Matthew Theunissen

Matthew Theunissen is a reporter for the Herald on Sunday.

Hallwright fails to win back job

Financial analyst Guy Hallwright was convicted of GBH with reckless disregard. Photo / Steven McNicholl
Financial analyst Guy Hallwright was convicted of GBH with reckless disregard. Photo / Steven McNicholl

Guy Hallwright has failed in his bid to win back his job with Forsyth Barr after the Employment Relations Authority determined his conviction for running over a man had damaged the company's reputation.

The former senior investment analyst sought reinstatement or about $600,000 for lost wages, compensation, hurt and humiliation.

He was dismissed after being sentenced in August last year to 250 hours of community work and ordered to pay $20,000 in reparation to Sung Jin Kim, whose legs were broken when Hallwright ran him over then drove away, in an incident on Mt Eden Rd in September 2010.

In June, a jury found Hallwright guilty of causing grievous bodily harm with reckless disregard. A more serious charge was dismissed.

Forsyth Barr managing director Neil Paviour-Smith told the ERA extensive media coverage of the case, which included many references to Forsyth Barr, had brought the company into disrepute and impaired Hallwright's ability to do his job.

"The integrity and probity of senior employees in the investment industry is of enormous importance, with public confidence being critical in the marketplace," he said.

"Mr Hallwright's name and that of [Forsyth Barr] had been inextricably linked."

Hallwright argued the incident occurred outside work and, beyond naming Forsyth Barr as the employer, had no bearing on his job or how he did it, or on the company's business.

He submitted that the media coverage was not balanced and did not accurately reflect the evidence of the case, and therefore should not be grounds for his dismissal.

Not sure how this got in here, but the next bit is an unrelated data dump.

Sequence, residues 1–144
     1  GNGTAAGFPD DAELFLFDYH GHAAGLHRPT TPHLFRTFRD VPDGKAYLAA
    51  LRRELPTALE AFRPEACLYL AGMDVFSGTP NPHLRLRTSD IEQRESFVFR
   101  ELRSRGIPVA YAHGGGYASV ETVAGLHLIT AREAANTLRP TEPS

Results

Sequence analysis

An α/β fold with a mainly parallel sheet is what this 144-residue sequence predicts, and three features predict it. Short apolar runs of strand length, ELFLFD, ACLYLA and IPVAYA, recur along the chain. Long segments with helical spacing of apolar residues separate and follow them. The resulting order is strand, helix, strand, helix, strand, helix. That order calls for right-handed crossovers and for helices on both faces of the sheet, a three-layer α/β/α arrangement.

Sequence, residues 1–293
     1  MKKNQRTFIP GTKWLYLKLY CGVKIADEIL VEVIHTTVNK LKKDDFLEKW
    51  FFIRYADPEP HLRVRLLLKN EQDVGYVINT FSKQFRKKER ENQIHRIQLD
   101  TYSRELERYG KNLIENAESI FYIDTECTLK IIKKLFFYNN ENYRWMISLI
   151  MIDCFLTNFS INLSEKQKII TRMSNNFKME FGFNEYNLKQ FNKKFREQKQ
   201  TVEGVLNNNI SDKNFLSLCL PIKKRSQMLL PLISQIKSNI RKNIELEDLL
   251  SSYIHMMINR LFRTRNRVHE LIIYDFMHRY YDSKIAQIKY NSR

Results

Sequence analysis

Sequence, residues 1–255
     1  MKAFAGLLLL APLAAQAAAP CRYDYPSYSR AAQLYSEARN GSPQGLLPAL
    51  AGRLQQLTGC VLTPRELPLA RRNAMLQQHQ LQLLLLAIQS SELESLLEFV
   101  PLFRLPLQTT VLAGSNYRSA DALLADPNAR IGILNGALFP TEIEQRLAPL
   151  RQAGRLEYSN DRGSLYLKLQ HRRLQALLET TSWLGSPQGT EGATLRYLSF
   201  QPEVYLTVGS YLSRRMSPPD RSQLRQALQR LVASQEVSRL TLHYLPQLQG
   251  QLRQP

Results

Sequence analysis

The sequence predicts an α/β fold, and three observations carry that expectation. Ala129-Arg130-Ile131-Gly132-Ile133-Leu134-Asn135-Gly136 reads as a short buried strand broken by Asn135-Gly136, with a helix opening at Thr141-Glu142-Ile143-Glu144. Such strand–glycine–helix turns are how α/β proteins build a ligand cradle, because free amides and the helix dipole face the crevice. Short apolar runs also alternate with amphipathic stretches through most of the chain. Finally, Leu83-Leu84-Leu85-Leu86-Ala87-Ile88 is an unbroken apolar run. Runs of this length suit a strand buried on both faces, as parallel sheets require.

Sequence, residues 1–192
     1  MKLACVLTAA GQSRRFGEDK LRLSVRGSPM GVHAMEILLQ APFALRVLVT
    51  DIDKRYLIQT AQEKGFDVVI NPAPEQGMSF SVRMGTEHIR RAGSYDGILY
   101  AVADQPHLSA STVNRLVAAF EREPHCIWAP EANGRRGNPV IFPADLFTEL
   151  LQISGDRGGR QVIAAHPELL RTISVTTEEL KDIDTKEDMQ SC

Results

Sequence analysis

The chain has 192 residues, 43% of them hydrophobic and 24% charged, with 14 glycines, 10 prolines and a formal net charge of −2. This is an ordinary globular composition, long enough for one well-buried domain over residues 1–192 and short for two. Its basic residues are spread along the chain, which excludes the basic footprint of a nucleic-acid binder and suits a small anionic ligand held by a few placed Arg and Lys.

ERA member Rosemary Monaghan accepted some early media reports in particular had suggested Hallwright had become angry, deliberately run over Mr Kim and fled the scene. But she dismissed the totality of Hallwright's claims.

"The existence of underlying conduct means it cannot be said that the media attention, rather than the conduct, was the cause of any damage to [Forsyth Barr's] reputation. I do not accept that any such damage can be laid at the feet of the media," she said.

"Even if media coverage included inaccuracy and over-statement, the fact remains that the serious incident described in this determination occurred and Mr Hallwright received a criminal conviction as a result."

She found that Forsyth Barr's conclusions were those of a fair and reasonable employer.

Mr Paviour-Smith said after the decision: "We need to think about our business, and it's just a lesson that things can occur which could cause your employment to be at risk through activities that are outside of the workplace. How we conduct ourselves is relevant, and that's the view we took."

Mr Kim said his legs had improved in the past few months, but he was still in pain and would require more operations.

He was looking into the possibility of a civil case to recover his costs.

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